- Representatives from industry trade groups such as the National Retail Federation and Retail Industry Leaders Association, along with eight retail executives including Target CEO Brian Cornell, Best Buy CEO Hubert Joly and Gap Inc. CEO Art Peck, met with President Donald Trump on Wednesday to express their concern over a proposed 20% tax on imports which they claim will result in spiked prices for consumers.
The immediate reaction from retail executives coming out of the meeting was positive, Christin Fernandez, vice president for Communications at RILA, told Retail Dive. “President Trump was more than willing to sit down with industry [leaders] and hear our concerns, and I think that there is a real willingness to work together with the industry moving forward,” she said. Fernandez added that RILA members also met Wednesday on Capitol Hill with several members of Congress, and they will continue the discussion.
The so-called “border adjustment tax,” intended to tax imports but not exports, would prevent retailers from deducting the cost of merchandise they import, hiking taxes three to five times higher for some merchants. "There are other ways to both lower the rate, simplify the code and broaden the base,” NRF President and CEO Matthew Shay said on CNBC. “We should go back to the drawing board, roll up our sleeves and find another way that doesn’t propose a new law that’s going to pick winners and losers among industries and is going to add, frankly, a new sales tax on the price of everything consumers buy.”
Retailers are hungry for corporate tax reform, but not if it comes on the side of a border adjustment tax. Trade groups like the NRF and RILA, as well as individual retailers, have voiced concern over the tax plan since it was floated last summer by Speaker of the House Paul Ryan (R-WI). Now that Trump seems to have given his approval, retailers are gearing up the fight by joining forces and jetting to Washington to plead their case. More than 120 retailers and trade organizations recently launched a national coalition, dubbed Americans for Affordable Products, to fight the implementation of a border tax.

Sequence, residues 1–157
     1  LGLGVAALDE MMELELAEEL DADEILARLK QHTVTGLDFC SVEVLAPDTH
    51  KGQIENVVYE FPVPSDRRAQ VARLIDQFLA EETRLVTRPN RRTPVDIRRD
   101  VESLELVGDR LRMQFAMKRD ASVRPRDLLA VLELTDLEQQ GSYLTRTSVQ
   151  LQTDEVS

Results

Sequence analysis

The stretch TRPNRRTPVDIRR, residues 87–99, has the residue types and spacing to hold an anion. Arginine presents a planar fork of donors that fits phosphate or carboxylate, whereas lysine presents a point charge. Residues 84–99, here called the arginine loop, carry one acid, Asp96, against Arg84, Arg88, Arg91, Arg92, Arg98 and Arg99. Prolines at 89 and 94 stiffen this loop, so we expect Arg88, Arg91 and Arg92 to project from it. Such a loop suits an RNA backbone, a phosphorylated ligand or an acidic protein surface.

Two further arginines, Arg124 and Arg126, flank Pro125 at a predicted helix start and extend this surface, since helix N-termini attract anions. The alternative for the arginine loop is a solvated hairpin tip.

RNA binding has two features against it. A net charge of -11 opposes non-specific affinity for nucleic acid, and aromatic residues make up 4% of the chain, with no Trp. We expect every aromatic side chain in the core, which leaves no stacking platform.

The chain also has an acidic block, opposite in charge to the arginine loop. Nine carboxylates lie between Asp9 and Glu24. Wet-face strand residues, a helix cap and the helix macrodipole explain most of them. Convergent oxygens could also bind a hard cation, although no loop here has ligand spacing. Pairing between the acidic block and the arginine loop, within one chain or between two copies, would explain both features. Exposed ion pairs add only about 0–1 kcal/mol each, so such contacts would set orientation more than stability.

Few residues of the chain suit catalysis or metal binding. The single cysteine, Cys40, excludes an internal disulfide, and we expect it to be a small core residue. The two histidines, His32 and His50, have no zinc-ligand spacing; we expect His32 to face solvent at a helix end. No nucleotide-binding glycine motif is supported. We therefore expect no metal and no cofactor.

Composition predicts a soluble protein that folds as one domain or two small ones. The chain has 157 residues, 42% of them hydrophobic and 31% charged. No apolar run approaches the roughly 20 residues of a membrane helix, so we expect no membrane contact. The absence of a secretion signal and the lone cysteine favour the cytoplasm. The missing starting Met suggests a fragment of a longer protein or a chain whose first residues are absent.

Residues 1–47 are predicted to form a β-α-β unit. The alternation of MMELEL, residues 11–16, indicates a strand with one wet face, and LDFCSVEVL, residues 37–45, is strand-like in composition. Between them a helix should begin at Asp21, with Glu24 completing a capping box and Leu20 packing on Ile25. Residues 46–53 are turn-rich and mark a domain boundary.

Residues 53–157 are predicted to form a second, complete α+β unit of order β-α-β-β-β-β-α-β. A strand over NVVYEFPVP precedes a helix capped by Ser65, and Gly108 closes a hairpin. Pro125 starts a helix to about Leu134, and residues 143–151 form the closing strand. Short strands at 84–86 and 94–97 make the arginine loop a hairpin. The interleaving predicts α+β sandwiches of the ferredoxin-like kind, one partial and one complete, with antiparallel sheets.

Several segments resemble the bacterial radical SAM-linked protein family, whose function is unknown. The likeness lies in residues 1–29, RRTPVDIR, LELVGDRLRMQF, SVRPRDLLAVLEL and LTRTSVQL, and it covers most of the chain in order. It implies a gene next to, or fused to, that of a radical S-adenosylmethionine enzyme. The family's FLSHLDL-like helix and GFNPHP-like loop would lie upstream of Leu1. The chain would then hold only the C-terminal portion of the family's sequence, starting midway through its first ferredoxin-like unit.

But it’s not clear what compromises, if any, the industry reached with the president, considering that most of the meeting was not open to media. During the section the public session, Trump did not clarify whether he will levy a border tax on imports, but said "We're going to simplify the tax code. It's too complicated. In fact, H&R Block probably won't be too happy. That's one business that won't be too happy," USA Today reports. (Following Trump's comments, H&R Block shares hit a session low, down 2.6% on Wednesday before recovering to trade 0.1% lower, CNBC reports.)
Retailers have plenty to worry about if such a proposal becomes law. Analysts say that for most large retailers, lowering the tax rate to 20% won’t sufficiently make up for lost sales due to the higher prices wrought by import taxes. The earnings risk to six major U.S. retailers could add up to as much as $13 billion, The Wall Street Journal reported last month. Scot Ciccarelli, RBC Capital Markets analyst, said Best Buy’s annual earnings would be “wiped out.”
What is puzzling about this meeting is that retail thought leaders' once-fiery concerns were replaced with cool and collected reactions following the meeting. AutoZone CEO Bill Rhodes greeted press following the meeting, saying that as a 22-year retail veteran he couldn’t remember a time that retailers had previously visited the president, touting Wednesday's sit down as an accomplishment in and of itself. He described the meeting as a “positive and productive conversation.” The retail executives also received a smiling cameo on Trump’s Twitter feed:
Great listening session with CEO's of the Retail Industry Leaders Association this morning! pic.twitter.com/sy6xJcWfcF— Donald J. Trump (@realDonaldTrump) February 15, 2017